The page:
Air Force OKs beards, turbans, and hijabs worn for religious reasons

A1C Sunjit Rathour was one of the first Sikh Airman to receive religious accommodation for growing a beard and wearing a turban while in uniform. Rathour graduated Security Forces technical training on September 26th, 2019. (Air Force photo/ Alexander Good)

The Air Force on Friday became the second branch of the U.S. military to approve the wearing of beards, turbans, hijabs, under-turbans/patkas, unshorn hair and other indoor/outdoor head coverings for religious reasons.

According to the updated regulation, "Dress and Personal Appearance of Air Force Personnel," the Air Force allows all such apparel and beards as long as the airmen wearing them make it through a religious accommodation waiver process, that they appear "neat and conservative," and that the apparel and beards don't interfere with personal safety.

"Requests should normally be recommended for approval unless approval would have an adverse impact on military readiness, unit cohesion, standards, or discipline," the Air Force wrote. "When requests are precluded by military necessity, commanders and supervisors should seek reasonable alternatives."

The Sikh Coalition, an advocacy group which works on behalf of Sikhs and other religious minorities in the military, praised the new regulation.

"No Sikh American should have to choose between their religious beliefs and their career ambitions," said Giselle Klapper, Sikh Coalition Staff Attorney. "Sikhs have served honorably and capably in the U.S. Armed Forces and other militaries around the world, and while we are eager for a blanket proclamation that all observant Sikh Americans can serve in every branch of the military without seeking accommodations, this policy clarification is a great step forward towards ensuring equality of opportunity and religious freedom in the Air Force."

The regulation follows years of individual airmen and other service members receiving waivers for religious beards and apparel. In 2018, Staff Sgt. Abdul Rahman Gaitan became the first Muslim airman to receive a religious accommodation beard waiver. Last year, Capt. Maysaa Ouza became the first Air Force Judge Advocate General Corps officer to wear hijab.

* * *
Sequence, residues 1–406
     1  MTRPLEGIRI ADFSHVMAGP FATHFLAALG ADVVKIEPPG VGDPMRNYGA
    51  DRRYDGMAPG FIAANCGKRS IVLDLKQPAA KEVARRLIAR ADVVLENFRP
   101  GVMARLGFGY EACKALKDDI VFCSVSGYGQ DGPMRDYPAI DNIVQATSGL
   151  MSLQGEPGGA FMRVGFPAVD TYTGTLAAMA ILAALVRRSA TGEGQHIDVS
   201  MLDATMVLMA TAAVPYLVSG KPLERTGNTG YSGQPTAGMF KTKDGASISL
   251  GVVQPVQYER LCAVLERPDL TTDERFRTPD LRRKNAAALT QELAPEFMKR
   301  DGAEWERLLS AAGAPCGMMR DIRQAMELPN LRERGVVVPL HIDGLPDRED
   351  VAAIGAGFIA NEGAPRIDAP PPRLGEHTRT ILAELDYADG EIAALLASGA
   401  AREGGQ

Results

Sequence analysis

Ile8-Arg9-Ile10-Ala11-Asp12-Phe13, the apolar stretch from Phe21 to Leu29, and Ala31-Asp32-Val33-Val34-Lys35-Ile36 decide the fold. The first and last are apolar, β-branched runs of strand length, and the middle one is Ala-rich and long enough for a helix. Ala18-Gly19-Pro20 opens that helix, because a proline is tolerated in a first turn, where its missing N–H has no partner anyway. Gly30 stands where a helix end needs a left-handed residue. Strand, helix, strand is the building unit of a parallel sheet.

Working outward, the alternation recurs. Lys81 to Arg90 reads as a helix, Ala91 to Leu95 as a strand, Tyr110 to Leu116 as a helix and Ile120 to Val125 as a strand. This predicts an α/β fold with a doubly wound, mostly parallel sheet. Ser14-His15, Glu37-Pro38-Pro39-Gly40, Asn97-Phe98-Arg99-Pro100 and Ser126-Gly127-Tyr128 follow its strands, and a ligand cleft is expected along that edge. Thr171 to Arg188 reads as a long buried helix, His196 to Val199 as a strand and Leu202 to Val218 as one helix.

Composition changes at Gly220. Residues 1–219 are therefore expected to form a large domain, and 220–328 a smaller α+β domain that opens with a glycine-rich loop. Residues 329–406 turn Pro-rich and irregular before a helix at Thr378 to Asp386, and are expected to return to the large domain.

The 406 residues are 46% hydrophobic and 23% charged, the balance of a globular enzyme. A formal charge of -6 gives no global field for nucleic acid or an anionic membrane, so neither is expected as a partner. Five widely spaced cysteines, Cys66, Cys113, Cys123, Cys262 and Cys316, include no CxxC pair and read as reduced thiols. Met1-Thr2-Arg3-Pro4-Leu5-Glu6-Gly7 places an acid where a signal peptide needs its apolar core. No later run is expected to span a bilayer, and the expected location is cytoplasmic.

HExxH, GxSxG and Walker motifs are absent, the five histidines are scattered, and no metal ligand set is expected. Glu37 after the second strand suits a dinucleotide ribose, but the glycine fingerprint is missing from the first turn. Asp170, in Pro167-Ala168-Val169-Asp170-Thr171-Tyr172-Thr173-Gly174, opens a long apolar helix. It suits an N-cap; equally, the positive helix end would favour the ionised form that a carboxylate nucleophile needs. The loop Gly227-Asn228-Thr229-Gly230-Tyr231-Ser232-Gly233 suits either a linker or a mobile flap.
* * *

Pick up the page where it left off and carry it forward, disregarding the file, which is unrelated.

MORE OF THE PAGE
Also in 2019, Airman 1st Class Harpreetinder Singh Bajwa became the first Sikh airman to receive an accommodation for a turban, beard and unshorn hair, and two Norse Heathen airmen were also allowed to grow beards.

Friday's regulation formalizes such waivers into a multi-step review process. As part of the process, an airman must describe the religious basis for — and include a comment on the sincerity of — the request. A chaplain must then interview the requesting airman and submit a recommendation to the wing chaplain (or the unit's equivalent of a wing chaplain).

A staff judge advocate must also review the request package. It is is up to the wing commander (or the unit's equivalent of such a commander) to make the final decision.

Based on the Air Force regulation, a disapproval should be based "on real (not theoretical) compelling government interest" (i.e. safety) or when precluded by a "compelling" (i.e., especially important) governmental and/or Air Force interest.

As described in sample memos included in the regulation, safety concerns might include wearing a gas mask or going within 25 feet of an operating aircraft. In such cases, an airman's command could order an immediate removal of the turban, hijab or facial hair (although it's not clear how much time an airman would have to shave).

There are plenty of smaller regulations detailing how religious beards and apparel should look in order to appear "neat and conservative," the Air Force writes. For example, hijabs must be closely fitted to the contours of the airman's head and neck, tucked under the uniform top, and cannot cover the airman's eyebrows, eyes, cheeks, nose, mouth or chin.

Another example of "neat and conservative" is color. According to the regulation, turbans, hijabs, under-turbans or other headwear must be plain, dark blue, black, and free of designs or markings except when matching with the airman's camouflage uniform.

Airmen assigned to units wearing a beret of any color may wear an appropriately-colored head covering as directed by the unit commander, one sample memo explains.